Figure 8. Plots comparing the PNM data for the three different sandstones. Fontainebleau (Case 1), dry Berea (Case 2), and saturated Berea (Case 3). (a) Probability distribution plot of coordination number of pores for the two Berea sandstone samples and the Fontainebleau sandstone sample. The median coordination number for both samples of Berea sandstones is 6, while that for Fontainebleau is 2. Probability distribution plots of throat length (b) and throat radius (c) for the same samples. (d) The relationship between the area and volume of all pores in all three samples. The surface area of majority of pores is larger than a sphere or tetrahedron, as expected.
The quantitative analysis of the throat geometry provides an important insight into the capacity of fluid transport by the pore network. The volumetric rate of fluid flow, Q, through a tube of radius r is, Q ∝ r4. As the results in Figures 8b,c indicate, the presence of such large throats gives the Fontainebleau sandstone a higher permeability, despite the relatively low porosity.
The plot in Figure 8d demonstrates the relationship between the area and volume of pores in all three samples. We also plot the volume-area relation for spheres and tetrahedra for comparison. For a given pore volume, the surface area of majority of the pores is larger than a sphere or a tetrahedron. This result is expected, as the sphere is the shape with the minimum surface area for a given volume, and pores are rarely spherical in shape. The departure of the data points from the tetrahedral geometry depicts that the shape of pores are also quite different from tetrahedra as often assumed in microstructure literature (Von Bargen and Waff, 1986).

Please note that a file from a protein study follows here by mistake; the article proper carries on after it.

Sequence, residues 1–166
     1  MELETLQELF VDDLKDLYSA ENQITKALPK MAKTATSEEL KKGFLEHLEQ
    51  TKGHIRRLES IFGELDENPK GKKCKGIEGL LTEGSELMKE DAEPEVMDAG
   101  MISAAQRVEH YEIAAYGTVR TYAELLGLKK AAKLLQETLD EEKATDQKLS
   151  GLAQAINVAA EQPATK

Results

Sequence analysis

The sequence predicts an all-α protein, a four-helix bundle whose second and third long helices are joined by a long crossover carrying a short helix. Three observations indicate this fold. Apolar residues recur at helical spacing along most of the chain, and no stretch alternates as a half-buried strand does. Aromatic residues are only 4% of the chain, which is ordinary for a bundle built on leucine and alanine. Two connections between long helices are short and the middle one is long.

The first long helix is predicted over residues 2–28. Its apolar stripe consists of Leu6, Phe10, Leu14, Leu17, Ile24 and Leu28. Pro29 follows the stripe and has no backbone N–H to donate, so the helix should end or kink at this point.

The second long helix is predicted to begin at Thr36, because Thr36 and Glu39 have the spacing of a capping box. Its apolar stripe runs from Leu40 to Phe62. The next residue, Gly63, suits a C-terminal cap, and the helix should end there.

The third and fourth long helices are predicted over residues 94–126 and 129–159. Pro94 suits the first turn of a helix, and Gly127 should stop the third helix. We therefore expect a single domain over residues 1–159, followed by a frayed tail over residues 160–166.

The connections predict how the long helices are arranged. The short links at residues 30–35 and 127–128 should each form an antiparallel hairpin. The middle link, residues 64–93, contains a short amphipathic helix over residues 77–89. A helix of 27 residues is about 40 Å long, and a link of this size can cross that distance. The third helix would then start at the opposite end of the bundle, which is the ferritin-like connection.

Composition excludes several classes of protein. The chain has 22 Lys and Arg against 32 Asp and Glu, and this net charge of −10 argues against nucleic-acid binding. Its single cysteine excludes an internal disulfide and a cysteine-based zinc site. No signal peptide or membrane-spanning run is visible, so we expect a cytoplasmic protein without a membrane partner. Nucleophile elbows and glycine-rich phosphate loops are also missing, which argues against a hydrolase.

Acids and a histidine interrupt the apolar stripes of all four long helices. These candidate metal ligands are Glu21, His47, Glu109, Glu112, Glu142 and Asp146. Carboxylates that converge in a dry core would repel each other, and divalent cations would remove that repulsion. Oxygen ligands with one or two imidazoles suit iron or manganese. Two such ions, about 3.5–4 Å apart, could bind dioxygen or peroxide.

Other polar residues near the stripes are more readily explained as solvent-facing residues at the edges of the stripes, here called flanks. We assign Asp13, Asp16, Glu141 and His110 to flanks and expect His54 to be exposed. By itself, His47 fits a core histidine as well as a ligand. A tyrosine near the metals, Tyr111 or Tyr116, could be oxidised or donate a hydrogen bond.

To understand the nature of pore space connectivity, it is important to quantify the relation between major attributes of the pore geometry obtained from pore network modeling. The plots in Figure 9 outline the relationship between key parameters associated with pores and throats. To obtain these plots, we divided the data from each sample (for example, 22,224 pores and 91,604 throats from dry Berea sandstone) into 10 bins. The median values of each of these bins are then plotted, with the standard deviation within the bin as the error bar. The plot in Figure 9a display a clear positive correlation between the pores radius and coordination number, indicating that larger pores are connected to more throats. Comparison between the two rocks indicate that the slope of the plot is different. In Figure 9b throat length and radius in Berea sandstone also displays a clear correlation, indicating that longer throats are wider. This correlation, however, is less clear in the sample from the Fontainebleau sandstone, which shows a relatively lower variability in throat length, despite variations in the throat radius.
Figure 9. (a) Plot of pore coordination number as a function of pore radius, and (b) throat length as a function of throat radius. Each data point represents the median value of binned data. The error bars in the plots correspond to the standard deviation of the data in each bin. Fontainebleau (Case 1), dry Berea (Case 2), and saturated Berea (Case 3).